• for p do - The first for loop iteratively assigns $p the value of each positional parameter in the shell's "$@" array, which are set to the the field-split expansion of $PATH as divided by : colons.

  • for x in ${p:+"$p/"$g} - The inner for loop iteratively sets $x to each (if any) of the expansions of ${p:+"$p/"$g} - which is to say, it iterates over nothing at all unless $p is both set and not-null. This is important because :: or a leading : would split out to null fields, and, in this way, the two loops strictly conform to the $PATH spec (as quoted above) by not acknowledging zero-length fields.

  • Importantly, because of the way $PATH is split while filename generation is disabled and "$p/"$g is resolved while it is enabled but field-splitting has been disabled, none of the elements in $PATH can expand to anything but their fields as split on : (regardless of whatever other characters they may contain) and neither can any value for "$p/"$g expand to anything but itself or whatever filenames it might match (regardless of any characters in $p or other than pattern-matching characters $g might contain).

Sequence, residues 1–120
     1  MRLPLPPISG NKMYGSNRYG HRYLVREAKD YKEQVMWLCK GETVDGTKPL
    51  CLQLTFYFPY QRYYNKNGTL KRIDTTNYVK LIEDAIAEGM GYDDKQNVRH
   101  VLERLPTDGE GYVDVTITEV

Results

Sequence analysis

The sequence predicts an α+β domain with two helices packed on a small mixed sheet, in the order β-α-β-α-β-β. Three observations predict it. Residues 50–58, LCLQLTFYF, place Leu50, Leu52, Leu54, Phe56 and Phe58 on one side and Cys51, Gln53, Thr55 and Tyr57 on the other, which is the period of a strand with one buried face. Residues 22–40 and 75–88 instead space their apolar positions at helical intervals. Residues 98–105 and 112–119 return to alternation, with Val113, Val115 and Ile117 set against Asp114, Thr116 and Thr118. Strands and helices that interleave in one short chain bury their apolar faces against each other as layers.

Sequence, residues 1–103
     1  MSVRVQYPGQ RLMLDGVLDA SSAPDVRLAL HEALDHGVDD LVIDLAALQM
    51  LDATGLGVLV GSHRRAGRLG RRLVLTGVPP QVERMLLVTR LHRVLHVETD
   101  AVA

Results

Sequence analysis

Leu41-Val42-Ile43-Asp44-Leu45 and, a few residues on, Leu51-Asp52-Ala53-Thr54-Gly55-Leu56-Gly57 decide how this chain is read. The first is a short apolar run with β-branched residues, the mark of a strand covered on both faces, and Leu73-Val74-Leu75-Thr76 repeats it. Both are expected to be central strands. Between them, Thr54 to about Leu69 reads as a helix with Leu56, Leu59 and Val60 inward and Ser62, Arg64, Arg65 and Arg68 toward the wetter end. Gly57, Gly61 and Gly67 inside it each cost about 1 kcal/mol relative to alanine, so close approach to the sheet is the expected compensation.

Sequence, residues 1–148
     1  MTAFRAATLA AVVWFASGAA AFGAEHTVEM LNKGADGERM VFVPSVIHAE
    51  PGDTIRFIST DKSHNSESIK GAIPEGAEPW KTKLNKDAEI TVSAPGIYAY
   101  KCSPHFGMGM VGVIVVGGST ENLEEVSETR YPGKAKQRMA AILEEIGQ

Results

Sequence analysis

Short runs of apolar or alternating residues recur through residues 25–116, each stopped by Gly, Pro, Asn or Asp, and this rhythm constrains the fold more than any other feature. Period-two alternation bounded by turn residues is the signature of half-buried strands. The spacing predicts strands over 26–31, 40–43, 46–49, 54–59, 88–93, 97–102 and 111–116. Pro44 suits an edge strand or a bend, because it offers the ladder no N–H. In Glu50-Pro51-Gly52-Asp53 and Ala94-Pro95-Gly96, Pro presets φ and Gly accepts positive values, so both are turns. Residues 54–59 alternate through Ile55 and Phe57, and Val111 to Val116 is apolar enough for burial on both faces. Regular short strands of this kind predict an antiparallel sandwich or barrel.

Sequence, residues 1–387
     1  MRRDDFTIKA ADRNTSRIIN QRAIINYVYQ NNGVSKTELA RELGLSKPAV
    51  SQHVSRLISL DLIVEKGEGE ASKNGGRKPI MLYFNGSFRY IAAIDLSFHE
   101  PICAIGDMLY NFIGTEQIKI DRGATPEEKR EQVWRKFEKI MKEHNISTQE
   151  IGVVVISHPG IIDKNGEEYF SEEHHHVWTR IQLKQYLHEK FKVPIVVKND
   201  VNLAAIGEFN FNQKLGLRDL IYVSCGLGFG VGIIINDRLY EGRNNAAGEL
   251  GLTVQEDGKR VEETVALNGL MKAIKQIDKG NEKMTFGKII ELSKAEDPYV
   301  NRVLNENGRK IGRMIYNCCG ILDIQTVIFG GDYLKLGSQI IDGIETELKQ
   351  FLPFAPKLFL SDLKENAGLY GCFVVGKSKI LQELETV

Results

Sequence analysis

• command - and last command only prints to standard-out those values for $x which are executable commands.

Here's the whole thing wrapped in a shell function, with the additional capability of handling multiple $g arguments:

    for g do IFS=:; set -f
          set +f -- ${PATH:-.}; IFS=
          for p do for x in ${p:+"$p/"$g}
                do command -v "$x"
    done; done; done

That should get you a list of executables matching each argument you hand it printed one per line ordered first by argument order, then by $PATH priority, and last by your locale's sort order. It should not fail on newlines or special characters in the pathnames or the glob patterns you hand it. It might be altered (see the edit history here) to faithfully populate the shell "$@" array at one executable per positional parameter.

You could also alter it to execute the first successful glob match and quit searching for that particular glob argument and to move onto the next if the command exits successfully like...

    for g do IFS=:; set -f
          set +f -- ${PATH:-.}; IFS=
          for p do for x in ${p+:"$p/"$g}
                do command -v "$x" &&
                   command "$x"    &&
                   break 2
    done; done; done